Abraham is such a model of faith, but the Scriptures do not give us merely a hagiographical version of his life. We learn not only about his faith and victories but, also, about his frequent lack of faith and failures. The reminder begins as Abram and Sarai head down into Egypt, and Abram says to Sarai, “when the Egyptians see you, they will say, 'This is his wife.' Then they will kill me, but they will let you live. Say you are my sister, that it may go well with me because of you, and that my life may be spared for your sake’” (12:12,13). Rather than trusting God, Abram resorted to deceit, his lack of faith on full display.
The story seems to go back and forth:
He let Lot choose the best of the land, not worried about his portion. Faith!
After rescuing Lot, he declined the booty from battle, trusting God’s provision. Faith!
He questioned God, that he had not given him the promised son. Lack of faith.
The scheming with Hagar and the birth of Ishmael. Lack of faith.
Abram and Sarai questioned God’s promise in their old age, even laughing at him. Lack of faith.
His prayer and pleading for Sodom. Faith!
In Gerar, a second round of passing Sarah off as his sister. Lack of faith.
He called on the Lord at Beersheba. Faith!
Obedience in taking Isaac to offer as a sacrifice. Great faith!
Paul looked back at the life of Abraham and declared, “he grew strong in his faith as he gave glory to God, fully convinced that God was able to do what he had promised. That is why his faith was ‘counted to him as righteousness’” (Romans 4:20-2). Then, Paul concludes, “But the words ‘it was counted to him’ were not written for his sake alone, but for ours also. It will be counted to us who believe in him who raised from the dead Jesus our Lord, who was delivered up for our trespasses and raised for our justification” (Romans 4:23-25).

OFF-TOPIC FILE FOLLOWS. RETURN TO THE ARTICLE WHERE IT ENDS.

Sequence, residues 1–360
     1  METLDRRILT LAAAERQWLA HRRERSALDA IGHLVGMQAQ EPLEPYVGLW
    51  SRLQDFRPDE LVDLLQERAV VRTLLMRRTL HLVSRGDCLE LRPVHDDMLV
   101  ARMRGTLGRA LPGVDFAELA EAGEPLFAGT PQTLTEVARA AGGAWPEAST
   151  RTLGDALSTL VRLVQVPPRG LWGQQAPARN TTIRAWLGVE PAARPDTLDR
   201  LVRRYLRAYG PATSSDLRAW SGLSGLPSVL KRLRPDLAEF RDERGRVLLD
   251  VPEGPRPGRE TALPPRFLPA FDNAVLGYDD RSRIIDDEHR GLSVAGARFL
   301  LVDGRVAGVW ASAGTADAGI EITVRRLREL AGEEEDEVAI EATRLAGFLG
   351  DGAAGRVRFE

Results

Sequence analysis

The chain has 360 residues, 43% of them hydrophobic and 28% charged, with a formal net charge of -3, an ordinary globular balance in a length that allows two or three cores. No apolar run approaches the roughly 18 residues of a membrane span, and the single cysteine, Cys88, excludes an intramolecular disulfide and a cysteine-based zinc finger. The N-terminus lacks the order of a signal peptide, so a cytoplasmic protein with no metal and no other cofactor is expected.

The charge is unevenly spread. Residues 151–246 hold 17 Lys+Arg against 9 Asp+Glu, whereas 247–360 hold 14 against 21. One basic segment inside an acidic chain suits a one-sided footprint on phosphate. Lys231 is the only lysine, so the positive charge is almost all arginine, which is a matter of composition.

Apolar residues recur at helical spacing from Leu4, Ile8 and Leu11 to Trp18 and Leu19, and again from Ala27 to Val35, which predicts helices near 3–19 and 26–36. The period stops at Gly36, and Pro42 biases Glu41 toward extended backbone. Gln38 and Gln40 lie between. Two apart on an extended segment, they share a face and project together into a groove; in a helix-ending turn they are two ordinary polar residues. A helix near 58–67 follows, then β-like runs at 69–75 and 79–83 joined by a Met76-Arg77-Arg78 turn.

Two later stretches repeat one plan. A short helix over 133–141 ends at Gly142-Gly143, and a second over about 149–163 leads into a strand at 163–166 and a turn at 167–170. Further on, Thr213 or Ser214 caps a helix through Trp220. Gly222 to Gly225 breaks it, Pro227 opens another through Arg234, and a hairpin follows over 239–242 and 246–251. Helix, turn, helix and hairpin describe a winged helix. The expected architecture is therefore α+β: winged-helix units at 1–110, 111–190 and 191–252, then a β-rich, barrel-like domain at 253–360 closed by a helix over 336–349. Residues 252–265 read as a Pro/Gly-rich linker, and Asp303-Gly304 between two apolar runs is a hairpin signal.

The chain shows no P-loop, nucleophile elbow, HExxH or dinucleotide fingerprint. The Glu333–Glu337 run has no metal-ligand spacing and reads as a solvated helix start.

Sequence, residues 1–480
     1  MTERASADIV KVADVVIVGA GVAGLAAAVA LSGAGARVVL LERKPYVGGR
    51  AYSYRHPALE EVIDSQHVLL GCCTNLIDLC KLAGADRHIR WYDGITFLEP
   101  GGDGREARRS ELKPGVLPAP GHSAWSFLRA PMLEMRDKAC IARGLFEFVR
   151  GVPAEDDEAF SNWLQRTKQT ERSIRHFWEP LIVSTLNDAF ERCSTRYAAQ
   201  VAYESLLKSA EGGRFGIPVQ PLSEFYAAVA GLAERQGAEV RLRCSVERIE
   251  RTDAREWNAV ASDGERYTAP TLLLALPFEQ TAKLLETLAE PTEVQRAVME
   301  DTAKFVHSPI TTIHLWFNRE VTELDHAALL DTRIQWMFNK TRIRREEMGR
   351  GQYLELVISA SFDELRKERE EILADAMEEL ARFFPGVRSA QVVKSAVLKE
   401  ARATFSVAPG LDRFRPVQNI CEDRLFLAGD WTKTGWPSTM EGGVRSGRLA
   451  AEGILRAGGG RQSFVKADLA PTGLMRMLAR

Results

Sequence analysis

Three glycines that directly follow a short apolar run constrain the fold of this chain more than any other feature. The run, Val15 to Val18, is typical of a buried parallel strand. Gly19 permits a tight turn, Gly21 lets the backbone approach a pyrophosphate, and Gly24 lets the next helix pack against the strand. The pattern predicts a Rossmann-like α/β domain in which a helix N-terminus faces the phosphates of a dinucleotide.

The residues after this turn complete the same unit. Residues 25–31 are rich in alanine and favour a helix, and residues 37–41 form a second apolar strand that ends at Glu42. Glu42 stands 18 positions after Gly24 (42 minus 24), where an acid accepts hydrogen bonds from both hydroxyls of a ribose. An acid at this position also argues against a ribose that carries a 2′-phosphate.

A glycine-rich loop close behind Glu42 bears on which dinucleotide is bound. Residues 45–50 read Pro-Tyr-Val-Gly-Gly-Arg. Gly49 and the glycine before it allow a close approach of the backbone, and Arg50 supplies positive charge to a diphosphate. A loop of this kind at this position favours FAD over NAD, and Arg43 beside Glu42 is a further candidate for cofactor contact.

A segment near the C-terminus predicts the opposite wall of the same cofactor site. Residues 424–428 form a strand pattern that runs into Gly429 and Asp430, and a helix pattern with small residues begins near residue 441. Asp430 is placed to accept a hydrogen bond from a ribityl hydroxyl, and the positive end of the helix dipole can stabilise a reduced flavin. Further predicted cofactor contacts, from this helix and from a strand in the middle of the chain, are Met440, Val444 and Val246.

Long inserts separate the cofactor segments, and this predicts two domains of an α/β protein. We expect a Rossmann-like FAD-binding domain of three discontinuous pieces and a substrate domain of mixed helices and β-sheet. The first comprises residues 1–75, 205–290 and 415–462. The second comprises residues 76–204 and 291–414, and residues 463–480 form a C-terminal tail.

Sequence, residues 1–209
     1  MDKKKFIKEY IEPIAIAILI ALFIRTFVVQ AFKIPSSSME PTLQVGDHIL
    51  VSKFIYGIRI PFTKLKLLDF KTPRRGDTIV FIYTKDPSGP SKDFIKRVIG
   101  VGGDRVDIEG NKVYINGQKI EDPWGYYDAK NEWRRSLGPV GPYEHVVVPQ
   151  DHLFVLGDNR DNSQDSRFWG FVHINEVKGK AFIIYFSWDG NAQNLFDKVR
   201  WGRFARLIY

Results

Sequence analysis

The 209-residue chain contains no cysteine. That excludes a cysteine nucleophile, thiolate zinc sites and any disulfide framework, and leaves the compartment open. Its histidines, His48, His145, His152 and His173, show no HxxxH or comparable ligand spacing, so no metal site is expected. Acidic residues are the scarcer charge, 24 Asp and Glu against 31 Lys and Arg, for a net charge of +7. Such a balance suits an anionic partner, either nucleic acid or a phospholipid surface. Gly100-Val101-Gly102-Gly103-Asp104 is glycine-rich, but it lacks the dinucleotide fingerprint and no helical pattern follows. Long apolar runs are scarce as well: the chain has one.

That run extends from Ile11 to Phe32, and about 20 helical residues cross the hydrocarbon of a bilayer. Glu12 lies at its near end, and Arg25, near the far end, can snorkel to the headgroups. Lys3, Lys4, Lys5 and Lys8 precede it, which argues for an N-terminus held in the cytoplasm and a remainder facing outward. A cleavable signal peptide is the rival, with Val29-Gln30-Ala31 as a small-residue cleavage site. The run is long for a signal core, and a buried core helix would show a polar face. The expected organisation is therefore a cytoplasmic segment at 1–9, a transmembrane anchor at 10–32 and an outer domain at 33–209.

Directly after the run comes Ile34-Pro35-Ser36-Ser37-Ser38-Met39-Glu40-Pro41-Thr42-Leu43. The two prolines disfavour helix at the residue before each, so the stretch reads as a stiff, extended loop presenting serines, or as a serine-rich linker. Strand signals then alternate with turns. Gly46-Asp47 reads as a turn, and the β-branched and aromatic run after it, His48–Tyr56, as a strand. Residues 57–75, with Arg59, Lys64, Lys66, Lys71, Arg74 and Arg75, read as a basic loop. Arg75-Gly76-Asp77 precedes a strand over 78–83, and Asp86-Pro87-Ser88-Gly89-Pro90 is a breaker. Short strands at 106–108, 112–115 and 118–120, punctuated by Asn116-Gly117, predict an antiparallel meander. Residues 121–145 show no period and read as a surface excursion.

I am glad that God allows imperfect people to be his friends and children, aren’t you?
1/3/2021 – Genesis 23-28
Abraham’s and Sarah’s long lives were coming to an end. Chapter 23 tells about Sarah’s death and burial. Both were flawed individuals but by the grace of God (our only hope, also) they saw the mighty hand of God at work and the fulfillment of the promises he made to them. At the end of their lives, they could say, “We have known God, and we have seen his faithfulness.” With our own sin and with all that the world can throw at us, what a blessing, at the end of life, to be able to give such a testimony!
The son of promise, Isaac, was married to Rebekah, and “after the death of Abraham, God blessed Isaac his son” (25:11). “And Isaac prayed to the Lord for his wife, because she was barren. And the Lord granted his prayer, and Rebekah his wife conceived” (25:21), and twins were born: Esau and Jacob. Through much trouble –deceit, jealousy, famine, lack of faith on the part of Isaac, etc. – God reiterated the covenant promises to Isaac and promised, “I will not leave you until I have done what I have promised you” (28:15). More would God do for Isaac but, surely, when he came to the end of his life, he could say with his parents, “I have known God, and I have seen his faithfulness.” We who rest in God and his promises that are found in Jesus Christ, we do not fear the end of earthly life because we know God and his faithfulness.